Saturday, 10 December 2011

Facing up to cyclone Friedhelm

Cyclone Friedhelm. Image from Wiki Commons
There have been warnings for days. Meteorologists have been tracking an unusually active kink in the polar front over the north Atlantic. Such extratropical cyclones, to give them their technical name, are commonplace. They are the dominant weather feature of our islands, bringing moisture laden air, brisk westerly winds and alternating cold and warm fronts in seemingly relentless strings. They queue up over the ocean, one behind another, waiting to dump their cargo of rain on our already sodden ground. But Cyclone Friedhelm is out of the ordinary, a once-in-a-decade storm.

Watching its progress on an animated meteorological chart is a sinister experience. It appears to snag on the southern tip of Greenland before breaking loose, heading south of Iceland and on a collision course for Scotland. All the while the depression is deepening. Isobars crowd thickly in ever decreasing circles, a black hole, a malevolent eye. I tap the barometer glass for the third or fourth time this morning and the needle jolts abruptly. Atmospheric pressure has dropped by more than twenty millibars in a matter of hours. In the fridge a bottle of sparkling water looks fit to burst.
Suck. Anish Kapoor's bottomless vortex.
at Jupiter Artland

Across the country schools and offices are closing as Scotland braces itself. A steep pressure gradient means wind, great howlings of wind that rampage around this profound puncture in the atmosphere. I liken it to one of those clever donation boxes you sometimes see in museums. Roll your pennies down the shute and watch them spiral faster and faster into the vortex before being gobbled up. And then I remember Suck, a disturbing piece of landscape art by Anish Kapoor. Suck is a great funnel in the ground, but sealed behind a cage so its bottom cannot be seen, only imagined. It may go on to the centre of the Earth, or forever.

On the east coast the worst will not arrive until dusk but already hailstones drill against the windows. Outside on the street the wind slides traffic cones like striped playing pieces on a giant game board. But Friedhelm is only limbering up. By lunchtime the news is reporting a gust of 101mph on the Tay Bridge adding, almost unnecessarily, that it has been closed to all traffic. The Aonach Mor ski centre boasts 130, but the prize goes to the Cairngorm Plateau clocking in at a frightening 165mph, not quite a record but close. Colloquially the Scots are calling it Hurricane Bawbag which, if you speak any Scots, you will know is hardly a term of endearment.

I cannot get to work, there are no trains. But I venture out and the assault is instant. Looking up the clouds are moving so fast it seems as if the triple steeples of St Mary's Cathedral are tumbling. The streets are strewn with cardboard and dead umbrellas. And then a new experience for me. For the first time in my life I am quite literally swept off my feet. Turning the corner I am taken from behind by a sudden squall and find myself dumped without dignity on the wet pavement. Unhurt, I can only laugh along with witnesses at the absurdity of it and think myself fortunate not to be on Aonach Mor or the Cairngorms.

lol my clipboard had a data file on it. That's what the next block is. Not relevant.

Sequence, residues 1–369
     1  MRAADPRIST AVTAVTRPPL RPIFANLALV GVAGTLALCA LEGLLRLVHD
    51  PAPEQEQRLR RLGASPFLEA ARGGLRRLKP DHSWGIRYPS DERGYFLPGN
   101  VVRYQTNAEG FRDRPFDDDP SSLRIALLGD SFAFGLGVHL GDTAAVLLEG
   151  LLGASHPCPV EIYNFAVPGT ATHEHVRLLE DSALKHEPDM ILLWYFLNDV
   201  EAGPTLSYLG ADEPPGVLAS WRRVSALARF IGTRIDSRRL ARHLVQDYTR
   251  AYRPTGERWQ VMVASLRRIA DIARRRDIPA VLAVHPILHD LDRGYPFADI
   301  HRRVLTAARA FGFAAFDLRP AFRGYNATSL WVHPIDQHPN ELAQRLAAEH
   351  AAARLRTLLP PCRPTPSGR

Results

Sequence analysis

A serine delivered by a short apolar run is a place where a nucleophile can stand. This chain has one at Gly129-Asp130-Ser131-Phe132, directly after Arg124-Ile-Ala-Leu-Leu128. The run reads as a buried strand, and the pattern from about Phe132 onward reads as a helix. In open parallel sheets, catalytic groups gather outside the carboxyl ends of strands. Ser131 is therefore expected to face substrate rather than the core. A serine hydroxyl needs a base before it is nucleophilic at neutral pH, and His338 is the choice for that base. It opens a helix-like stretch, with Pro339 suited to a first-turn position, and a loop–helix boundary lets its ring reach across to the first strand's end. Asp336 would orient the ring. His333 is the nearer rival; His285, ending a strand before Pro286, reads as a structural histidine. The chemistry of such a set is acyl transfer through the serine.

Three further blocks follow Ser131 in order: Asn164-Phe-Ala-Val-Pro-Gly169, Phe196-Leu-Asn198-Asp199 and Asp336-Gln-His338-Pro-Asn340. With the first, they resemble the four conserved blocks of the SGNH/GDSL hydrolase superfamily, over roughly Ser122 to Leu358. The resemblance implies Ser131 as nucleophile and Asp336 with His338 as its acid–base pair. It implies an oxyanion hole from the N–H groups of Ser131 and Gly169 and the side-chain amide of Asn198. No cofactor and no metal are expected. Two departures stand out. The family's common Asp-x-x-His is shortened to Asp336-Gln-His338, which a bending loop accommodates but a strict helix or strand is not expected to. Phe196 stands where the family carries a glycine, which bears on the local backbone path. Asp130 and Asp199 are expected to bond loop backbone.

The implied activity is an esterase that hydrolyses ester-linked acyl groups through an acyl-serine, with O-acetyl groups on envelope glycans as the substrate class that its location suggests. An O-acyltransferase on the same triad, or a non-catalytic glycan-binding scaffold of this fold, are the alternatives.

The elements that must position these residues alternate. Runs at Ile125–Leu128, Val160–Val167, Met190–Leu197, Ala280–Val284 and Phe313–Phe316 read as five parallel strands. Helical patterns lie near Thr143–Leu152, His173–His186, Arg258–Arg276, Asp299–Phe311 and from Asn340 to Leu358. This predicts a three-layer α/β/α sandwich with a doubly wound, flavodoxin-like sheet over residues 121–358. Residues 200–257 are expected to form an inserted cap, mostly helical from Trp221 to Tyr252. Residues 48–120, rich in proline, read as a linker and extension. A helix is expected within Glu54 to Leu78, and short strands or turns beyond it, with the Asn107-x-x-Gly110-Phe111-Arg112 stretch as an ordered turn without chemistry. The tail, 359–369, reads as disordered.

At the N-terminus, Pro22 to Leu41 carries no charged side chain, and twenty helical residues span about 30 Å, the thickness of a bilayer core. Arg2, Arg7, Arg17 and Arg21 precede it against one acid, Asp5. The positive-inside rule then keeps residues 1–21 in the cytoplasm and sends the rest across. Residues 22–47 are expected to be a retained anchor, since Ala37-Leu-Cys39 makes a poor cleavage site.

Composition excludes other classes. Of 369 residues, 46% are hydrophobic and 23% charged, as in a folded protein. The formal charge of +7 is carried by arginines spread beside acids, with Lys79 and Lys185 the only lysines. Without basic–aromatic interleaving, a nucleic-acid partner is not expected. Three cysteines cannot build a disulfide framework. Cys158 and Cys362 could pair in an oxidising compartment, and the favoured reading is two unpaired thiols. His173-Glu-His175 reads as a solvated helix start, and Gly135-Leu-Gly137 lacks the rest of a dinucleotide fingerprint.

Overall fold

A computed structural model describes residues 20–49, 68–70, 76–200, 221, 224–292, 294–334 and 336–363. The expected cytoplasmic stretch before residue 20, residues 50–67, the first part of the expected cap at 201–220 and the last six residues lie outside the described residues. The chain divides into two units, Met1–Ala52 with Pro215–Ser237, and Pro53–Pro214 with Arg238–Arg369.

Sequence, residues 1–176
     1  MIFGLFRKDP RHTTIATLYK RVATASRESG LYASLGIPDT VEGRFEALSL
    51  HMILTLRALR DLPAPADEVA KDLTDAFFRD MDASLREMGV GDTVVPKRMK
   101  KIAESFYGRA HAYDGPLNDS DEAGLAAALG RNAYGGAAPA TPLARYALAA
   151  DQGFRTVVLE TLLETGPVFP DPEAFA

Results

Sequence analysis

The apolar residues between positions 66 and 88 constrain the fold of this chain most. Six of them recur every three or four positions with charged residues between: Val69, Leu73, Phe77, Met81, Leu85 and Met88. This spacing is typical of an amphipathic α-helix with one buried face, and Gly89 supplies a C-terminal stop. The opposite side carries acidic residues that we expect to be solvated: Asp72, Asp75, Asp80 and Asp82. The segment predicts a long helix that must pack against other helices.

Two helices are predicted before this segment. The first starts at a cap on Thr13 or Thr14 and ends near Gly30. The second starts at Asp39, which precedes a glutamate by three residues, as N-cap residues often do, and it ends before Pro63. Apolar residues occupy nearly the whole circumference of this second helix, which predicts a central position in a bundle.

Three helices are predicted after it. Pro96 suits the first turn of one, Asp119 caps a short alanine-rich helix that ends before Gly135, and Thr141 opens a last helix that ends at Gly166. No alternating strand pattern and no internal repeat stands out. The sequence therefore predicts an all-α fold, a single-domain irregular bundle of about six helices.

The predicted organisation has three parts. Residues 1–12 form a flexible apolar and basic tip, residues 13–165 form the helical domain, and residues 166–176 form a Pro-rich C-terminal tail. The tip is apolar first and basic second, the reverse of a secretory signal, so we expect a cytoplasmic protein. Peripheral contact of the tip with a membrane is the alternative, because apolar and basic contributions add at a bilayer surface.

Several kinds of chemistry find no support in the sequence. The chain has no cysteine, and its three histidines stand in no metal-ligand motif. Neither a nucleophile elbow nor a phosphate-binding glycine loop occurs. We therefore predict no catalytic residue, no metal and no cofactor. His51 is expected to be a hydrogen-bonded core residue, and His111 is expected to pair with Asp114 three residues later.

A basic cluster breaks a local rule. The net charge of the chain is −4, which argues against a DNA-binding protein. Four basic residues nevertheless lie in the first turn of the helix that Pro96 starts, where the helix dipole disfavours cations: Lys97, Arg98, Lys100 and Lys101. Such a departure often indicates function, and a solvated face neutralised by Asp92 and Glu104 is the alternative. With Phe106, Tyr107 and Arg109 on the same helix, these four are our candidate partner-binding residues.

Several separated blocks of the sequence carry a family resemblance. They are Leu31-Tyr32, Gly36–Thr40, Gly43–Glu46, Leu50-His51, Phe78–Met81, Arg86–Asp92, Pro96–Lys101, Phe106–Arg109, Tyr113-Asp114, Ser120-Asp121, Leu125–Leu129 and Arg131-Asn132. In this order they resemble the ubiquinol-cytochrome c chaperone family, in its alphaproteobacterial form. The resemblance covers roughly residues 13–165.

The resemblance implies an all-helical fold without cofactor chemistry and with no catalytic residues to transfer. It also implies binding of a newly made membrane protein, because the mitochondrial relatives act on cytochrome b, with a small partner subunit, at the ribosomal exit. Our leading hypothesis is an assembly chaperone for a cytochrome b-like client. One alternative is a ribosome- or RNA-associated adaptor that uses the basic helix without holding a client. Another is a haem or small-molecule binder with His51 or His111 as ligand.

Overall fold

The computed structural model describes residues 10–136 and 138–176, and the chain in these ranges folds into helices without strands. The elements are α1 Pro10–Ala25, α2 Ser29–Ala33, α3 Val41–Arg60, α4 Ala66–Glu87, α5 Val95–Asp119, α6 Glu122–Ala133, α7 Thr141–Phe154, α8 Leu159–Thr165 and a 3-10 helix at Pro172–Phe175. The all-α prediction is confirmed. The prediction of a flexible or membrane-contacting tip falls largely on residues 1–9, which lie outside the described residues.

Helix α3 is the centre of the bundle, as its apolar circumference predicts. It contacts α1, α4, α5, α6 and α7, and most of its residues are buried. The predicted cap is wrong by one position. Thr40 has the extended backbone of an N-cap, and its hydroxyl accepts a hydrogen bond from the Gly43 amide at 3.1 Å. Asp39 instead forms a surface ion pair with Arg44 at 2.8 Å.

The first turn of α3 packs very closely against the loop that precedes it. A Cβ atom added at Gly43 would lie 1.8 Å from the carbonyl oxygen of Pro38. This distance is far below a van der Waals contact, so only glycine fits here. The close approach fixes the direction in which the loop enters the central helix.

Friedhelm, or Bawbag, rages well into the evening, roaring through the bare trees and punishing pedestrians with volleys of hail. By 10pm the worst is past and I pick my way home through a debris of roof slates and snapped branches. Mercifully it seems nobody has been seriously hurt, although there have been some lucky escapes from burst rivers farther south and there is temporary misery for those left without power. Next day the story is told in sequences of dramatic pictures on internet news sites: towering waves, wrecked wind turbines and the inevitable felled trees. Cyclone Friedhelm will be a storm talked about for a long while in Scotland, at least until the next one.


  1. What a powerful description of last Thursday in Scotland. Your writing has brought the cyclone back with the staggering clarity of simile and metaphor. Tumbling steeples, dead umbrellas, bottomless vortex and playing pieces moving by wind-power. It was a day of elemental savagery. Perfectly observed and beautifully illustrated with photographs, Anhrefn.

  2. A second storm of similar ferocity followed on earler this week, resulting in much the same travel disruption due to high winds and snow. Oddly it received nothing like the level of media coverage of Friedhelm.

    I must confess my photographs are actually not of cyclone Friedhelm but an earlier storm, when it was easier to stand up! I am very pleased you like them though.